You cannot apply for this job anymore.
Browse the current job offer or choose an item in the top navigation above.
The faculty has defined a Research Priority Area Systems Biology (RPA-SB) with a focus on modeling host-microbe interactions in different fields of biology. The current vacancy is part of this RPA-SB. You will interact extensively with the other researchers in this RPA-SB and other plant, metabolomics and microbiome specialists in the Faculty of Science.
The mission of the 'Plant Hormone Biology' group is to understand the chemical communication of plants with other organisms in their environment. We study how plants produce and secrete signalling molecules, particularly underground, and how this affects the behaviour of other organisms in the soil. One of our topics is the discovery of new signalling relationships between plants and micro-organisms for which we use –omics approaches. The analysis of such datasets and the discovery of mechanistic relationships present a huge challenge for which we collaborate with the Biosystems Data Analysis group that develops data analysis and modeling methods for analyzing complex biological data, among others metabolomics and microbiome data, with a focus on data fusion.
Host-microbiome interaction is a field of increasing importance. Micro-organisms, often in interaction with their complex communities, contribute to host fitness and well-being. This is increasingly clear for humans and animals, and also in plants there are more and more indications that microbes and the microbiome play a substantial role in resilience of plants to environmental conditions and thus may play an important role in the quest for sustainable agriculture. We study how the host is affecting the microbiome and vice versa and want to use omics data to pinpoint unknown functional relationships between plants and (beneficial) microbes. You will develop new data analysis and computational tools to discover mechanistic relationships between, for example, transcriptomics, metabolomics and metagenomics data. This will be done in close interaction with biologists in the Plant Hormone Biology group as well as with others in SILS and IBED. Also you will be involved in teaching in this field.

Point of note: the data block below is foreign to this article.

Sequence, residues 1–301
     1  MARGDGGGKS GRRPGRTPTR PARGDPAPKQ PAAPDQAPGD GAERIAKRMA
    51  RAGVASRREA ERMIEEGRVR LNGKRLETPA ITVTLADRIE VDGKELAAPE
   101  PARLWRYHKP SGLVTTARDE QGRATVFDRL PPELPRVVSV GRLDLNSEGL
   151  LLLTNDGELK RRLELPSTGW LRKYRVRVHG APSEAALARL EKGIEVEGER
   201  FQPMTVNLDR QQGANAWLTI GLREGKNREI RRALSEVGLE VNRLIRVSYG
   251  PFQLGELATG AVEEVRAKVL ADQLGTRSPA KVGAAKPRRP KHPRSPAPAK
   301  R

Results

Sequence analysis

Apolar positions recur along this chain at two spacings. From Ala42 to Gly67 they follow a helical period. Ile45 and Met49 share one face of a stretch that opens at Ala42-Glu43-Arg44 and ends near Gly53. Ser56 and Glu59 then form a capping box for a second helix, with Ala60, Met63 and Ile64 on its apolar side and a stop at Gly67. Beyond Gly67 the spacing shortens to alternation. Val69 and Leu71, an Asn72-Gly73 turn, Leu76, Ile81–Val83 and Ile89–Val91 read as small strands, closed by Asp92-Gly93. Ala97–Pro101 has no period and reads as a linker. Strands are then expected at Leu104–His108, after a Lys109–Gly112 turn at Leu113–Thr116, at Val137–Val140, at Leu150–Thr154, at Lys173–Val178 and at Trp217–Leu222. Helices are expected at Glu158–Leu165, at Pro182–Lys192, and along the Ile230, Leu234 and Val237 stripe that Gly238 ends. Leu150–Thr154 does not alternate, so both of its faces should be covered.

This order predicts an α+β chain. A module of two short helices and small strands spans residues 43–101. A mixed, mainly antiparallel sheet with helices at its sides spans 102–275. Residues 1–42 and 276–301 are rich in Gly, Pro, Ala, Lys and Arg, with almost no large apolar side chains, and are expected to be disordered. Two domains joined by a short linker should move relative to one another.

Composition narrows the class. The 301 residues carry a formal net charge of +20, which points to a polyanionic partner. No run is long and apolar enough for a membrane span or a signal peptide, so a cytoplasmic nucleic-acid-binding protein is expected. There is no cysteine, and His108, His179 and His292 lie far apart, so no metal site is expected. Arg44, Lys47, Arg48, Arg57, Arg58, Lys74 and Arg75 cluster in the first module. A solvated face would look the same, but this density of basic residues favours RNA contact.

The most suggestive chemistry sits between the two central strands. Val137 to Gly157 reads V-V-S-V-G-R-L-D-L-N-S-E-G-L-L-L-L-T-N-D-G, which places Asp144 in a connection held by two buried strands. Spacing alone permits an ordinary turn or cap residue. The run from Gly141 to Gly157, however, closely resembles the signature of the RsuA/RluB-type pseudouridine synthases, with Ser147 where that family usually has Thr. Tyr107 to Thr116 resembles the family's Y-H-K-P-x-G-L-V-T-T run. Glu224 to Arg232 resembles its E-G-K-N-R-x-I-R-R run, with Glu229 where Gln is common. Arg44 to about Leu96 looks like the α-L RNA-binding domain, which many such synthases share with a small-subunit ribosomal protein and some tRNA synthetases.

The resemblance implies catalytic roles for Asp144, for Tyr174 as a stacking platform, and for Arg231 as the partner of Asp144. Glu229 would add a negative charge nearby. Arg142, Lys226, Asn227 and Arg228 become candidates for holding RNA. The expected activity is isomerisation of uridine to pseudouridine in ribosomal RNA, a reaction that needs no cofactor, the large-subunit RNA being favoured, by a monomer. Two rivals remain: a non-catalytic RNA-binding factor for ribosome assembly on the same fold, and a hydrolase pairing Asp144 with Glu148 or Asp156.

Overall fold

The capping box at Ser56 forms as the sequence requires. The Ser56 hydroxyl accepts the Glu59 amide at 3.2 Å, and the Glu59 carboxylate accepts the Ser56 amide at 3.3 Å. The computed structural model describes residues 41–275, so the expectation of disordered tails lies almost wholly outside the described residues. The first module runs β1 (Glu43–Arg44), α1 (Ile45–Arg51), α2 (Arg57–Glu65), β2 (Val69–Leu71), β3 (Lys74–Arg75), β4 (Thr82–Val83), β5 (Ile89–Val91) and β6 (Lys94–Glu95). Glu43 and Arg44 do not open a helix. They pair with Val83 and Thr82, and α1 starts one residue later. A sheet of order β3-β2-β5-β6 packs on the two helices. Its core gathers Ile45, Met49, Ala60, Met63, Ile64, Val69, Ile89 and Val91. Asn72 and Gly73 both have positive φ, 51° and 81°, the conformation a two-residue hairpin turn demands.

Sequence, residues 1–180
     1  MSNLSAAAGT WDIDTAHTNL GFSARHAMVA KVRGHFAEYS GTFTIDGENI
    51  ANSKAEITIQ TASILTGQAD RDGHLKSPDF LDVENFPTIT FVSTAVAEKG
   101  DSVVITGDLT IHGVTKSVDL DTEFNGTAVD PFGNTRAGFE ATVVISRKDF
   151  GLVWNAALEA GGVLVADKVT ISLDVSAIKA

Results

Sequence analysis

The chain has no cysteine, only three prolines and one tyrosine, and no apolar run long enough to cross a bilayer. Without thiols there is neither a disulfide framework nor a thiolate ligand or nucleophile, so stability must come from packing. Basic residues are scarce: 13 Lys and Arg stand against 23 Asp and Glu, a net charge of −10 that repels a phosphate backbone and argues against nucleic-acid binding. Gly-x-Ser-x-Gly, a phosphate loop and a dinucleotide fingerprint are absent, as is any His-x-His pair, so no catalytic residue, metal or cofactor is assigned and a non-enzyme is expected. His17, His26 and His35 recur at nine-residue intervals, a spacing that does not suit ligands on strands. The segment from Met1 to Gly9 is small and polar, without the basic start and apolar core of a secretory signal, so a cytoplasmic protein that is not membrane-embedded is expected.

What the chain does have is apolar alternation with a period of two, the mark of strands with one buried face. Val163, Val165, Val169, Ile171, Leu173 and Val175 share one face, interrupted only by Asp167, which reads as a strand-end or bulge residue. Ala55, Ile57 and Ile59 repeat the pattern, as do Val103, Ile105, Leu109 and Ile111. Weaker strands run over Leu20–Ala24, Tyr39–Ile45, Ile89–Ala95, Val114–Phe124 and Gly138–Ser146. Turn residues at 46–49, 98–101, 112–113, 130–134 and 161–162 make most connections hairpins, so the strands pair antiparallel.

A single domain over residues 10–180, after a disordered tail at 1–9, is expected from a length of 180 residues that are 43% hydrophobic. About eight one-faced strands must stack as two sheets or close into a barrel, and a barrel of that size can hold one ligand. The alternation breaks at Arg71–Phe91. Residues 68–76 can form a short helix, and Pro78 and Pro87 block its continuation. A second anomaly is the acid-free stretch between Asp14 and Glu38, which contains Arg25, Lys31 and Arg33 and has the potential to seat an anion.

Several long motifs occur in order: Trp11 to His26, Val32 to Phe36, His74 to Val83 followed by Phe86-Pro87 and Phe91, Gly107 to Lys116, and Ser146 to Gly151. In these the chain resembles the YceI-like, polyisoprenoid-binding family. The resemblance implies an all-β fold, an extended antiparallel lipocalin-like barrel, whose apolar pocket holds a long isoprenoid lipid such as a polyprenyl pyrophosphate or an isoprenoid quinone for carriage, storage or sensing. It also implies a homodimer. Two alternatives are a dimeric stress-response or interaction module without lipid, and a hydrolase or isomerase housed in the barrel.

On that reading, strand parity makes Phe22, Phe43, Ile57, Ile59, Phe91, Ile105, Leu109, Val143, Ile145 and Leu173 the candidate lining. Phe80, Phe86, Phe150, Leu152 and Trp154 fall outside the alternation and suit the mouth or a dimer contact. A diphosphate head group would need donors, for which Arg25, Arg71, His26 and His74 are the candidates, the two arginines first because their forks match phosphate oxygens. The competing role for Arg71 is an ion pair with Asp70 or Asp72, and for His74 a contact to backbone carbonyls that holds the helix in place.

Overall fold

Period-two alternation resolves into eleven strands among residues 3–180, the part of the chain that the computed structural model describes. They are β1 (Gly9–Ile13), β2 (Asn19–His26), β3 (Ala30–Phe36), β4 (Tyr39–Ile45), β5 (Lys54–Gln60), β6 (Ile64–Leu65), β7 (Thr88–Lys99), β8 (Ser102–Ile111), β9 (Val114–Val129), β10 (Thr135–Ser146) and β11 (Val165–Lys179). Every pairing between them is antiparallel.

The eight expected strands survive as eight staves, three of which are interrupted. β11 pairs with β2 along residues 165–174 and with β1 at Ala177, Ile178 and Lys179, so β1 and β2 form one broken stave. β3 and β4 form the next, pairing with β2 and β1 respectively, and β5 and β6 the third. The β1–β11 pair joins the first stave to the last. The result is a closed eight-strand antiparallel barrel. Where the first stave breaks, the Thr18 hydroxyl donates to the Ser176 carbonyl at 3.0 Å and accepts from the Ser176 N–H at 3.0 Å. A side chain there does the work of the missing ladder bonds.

Within the Faculty of Science, newly appointed Assistant professors , who do not yet have a BKO certificate, follow a didactic training trajectory, which should lead up to completion of a certificate qualifying yourself for academic teaching (basiskwalificatie onderwijs, BKO) within two years.
Affinity with causal relationship analysis, systems biology modeling, plant metabolism and microbiome work are an advantage.
The vacancy is for a permanent position. According to standard university policies this implies that you will be offered a permanent contract, after an initial two year probation period during which you should show your competence in science and teaching.
Based on a full-time appointment (38 hours per week) the gross monthly salary in the first year will be between €3,637 and €4,978 (scale 11), depending on CV and experience. The Collective Labour Agreement (Cao) of the Dutch Universities is applicable.
With over 5,000 employees, 30,000 students and a budget of more than 600 million euros, the University of Amsterdam (UvA) is an intellectual hub within the Netherlands. Teaching and research at the UvA are conducted within seven faculties: Humanities, Social and Behavioural Sciences, Economics and Business, Law, Science, Medicine and Dentistry. Housed on four city campuses in or near the heart of Amsterdam, where disciplines come together and interact, the faculties have close links with thousands of researchers and hundreds of institutions at home and abroad.
The UvA’s students and employees are independent thinkers, competent rebels who dare to question dogmas and aren’t satisfied with easy answers and standard solutions. To work at the UvA is to work in an independent, creative, innovative and international climate characterised by an open atmosphere and a genuine engagement with the city of Amsterdam and society.
The Swammerdam Institute for Life Sciences (SILS) is an institute that belongs to the Faculty of Science of the University of Amsterdam (UvA). Its approximately 230 scientists and staff members work in 16 research groups that perform excellent research, centred on four themes:
1) Cell & Systems Biology
3) Microbiology and
4) Green Life Sciences
University of Amsterdam (UvA)
Spui 21, 1012 WX, Amsterdam